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Diary: This American Road, Tucumcari

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If Gallup exemplifies the struggling Route 66 town, Tucumcari exemplifies the kind that has simply laid down. We pulled in off the 40 to check out an expresso bar with an airplane permanently parked next to it that my dad told us about, but between there and the freeway exit we passed many more dilapidated, abandoned, or collapsed buildings than structurally or economically sound ones. The plane has stayed in place and the espresso bar still stands, built into the end of one of Tucumcari’s just-hanging-on motels (though lord knows what kind of white-trash crimes were occurring in them even as we passed), but it had closed for the day, as every day, at 11:00 a.m. “That must be check-out time,” Jae said — and why bother holding out hope for customers after that?

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Besides the occasional motel, the still-operational establishments on Tucumcari’s stretch of Route 66 include a Jehovah’s Witnesses Kingdom Hall and — by far the busiest spot in town — Rockin’ Y’s Roadhouse, where we bought restroom privileges by stopping in for a couple of fried hard-shell tacos and scoops of ice cream. We ate quickly, since I couldn’t wait to get back out on the street and take some pictures. Though I like a good dead mall as as anyone (mostly out of hope that anything other than a mall will replace them), I don’t really count myself as a ruin-porn enthusiast. Still, who could resist the haunting specter of this modern-day ghost town?

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Wide patches of barren land surround most of Tucumcari’s empty buildings, so you can just drive right up to most of them and snap away. Actually, I should qualify that statement, since some of the ones we drove right up to we found not quite empty, glimpsing through open doors and broken windows the telltale random stockpiles of a squat. But we saw neither hide nor hair of the squatters themselves, and so felt like the only humans alive for miles. With Route 66’s glory days sixty years behind it, barely even saw any other moving cars.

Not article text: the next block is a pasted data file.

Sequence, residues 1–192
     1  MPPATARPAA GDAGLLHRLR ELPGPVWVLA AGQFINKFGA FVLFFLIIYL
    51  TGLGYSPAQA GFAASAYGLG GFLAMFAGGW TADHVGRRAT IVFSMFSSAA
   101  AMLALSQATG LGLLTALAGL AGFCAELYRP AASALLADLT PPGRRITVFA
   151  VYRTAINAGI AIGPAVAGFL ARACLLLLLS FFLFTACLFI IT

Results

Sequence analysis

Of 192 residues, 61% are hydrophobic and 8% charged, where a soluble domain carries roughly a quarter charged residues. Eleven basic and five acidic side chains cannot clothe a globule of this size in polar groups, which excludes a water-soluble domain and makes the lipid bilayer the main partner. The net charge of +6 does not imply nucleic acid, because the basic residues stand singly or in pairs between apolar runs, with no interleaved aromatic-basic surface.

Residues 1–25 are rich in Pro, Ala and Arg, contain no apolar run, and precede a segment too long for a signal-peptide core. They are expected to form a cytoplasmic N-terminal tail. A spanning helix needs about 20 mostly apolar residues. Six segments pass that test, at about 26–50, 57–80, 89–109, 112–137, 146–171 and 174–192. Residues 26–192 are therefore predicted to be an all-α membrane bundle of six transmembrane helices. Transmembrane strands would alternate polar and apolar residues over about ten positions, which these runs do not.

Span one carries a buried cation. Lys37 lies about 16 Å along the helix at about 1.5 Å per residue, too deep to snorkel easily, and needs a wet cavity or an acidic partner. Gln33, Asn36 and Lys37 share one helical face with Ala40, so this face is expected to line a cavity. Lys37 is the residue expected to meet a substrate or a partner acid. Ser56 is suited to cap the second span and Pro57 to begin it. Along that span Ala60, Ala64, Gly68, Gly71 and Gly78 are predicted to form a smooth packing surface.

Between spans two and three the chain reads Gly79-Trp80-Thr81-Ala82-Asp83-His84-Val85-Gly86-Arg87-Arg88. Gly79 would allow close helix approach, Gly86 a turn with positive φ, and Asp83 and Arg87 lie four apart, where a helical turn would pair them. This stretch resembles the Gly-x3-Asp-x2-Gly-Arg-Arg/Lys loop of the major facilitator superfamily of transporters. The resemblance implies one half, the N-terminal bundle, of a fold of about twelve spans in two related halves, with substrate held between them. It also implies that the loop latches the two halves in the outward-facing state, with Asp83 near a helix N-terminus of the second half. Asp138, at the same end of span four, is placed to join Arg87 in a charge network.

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Having geared up in recent years to leave the United States, I’ve more and more frequently explained my departure by comparing aspects of this country (especially its infrastructure) to the third world — unfavorably. The crumbling desolation of Tucumcari might at first seem like yet another glaring signal of the de-developed America in which we find ourselves, but I haven’t even seen anyplace like it in the third world itself. In Latin America or southeast Asia, a town like this would be full of people — poor, for sure, probably even poorer than the people of Tucumcari, but in sufficient numbers and possessed of enough of an improvisational spirit to keep the place looking alive.

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If this trip has taught me anything important about America so far, it’s taught me, viscerally, about the country’s sheer size. A Korean friend of mine perpetually entertains a fantasy about driving through North Dakota — always North Dakota — with nothing on either side of her for miles and miles (or rather, kilometers and kilometers), I would guess for no reason other than that she’d have a hard time doing the same in Korea. Indeed, I’ve found that in America, you might easily spend two or three hours just trying to get through the blank expanse between one hamlet and another. And given how much space lies between them, some of those hamlets just get forgotten.

Diary: This American Road, Albuquerque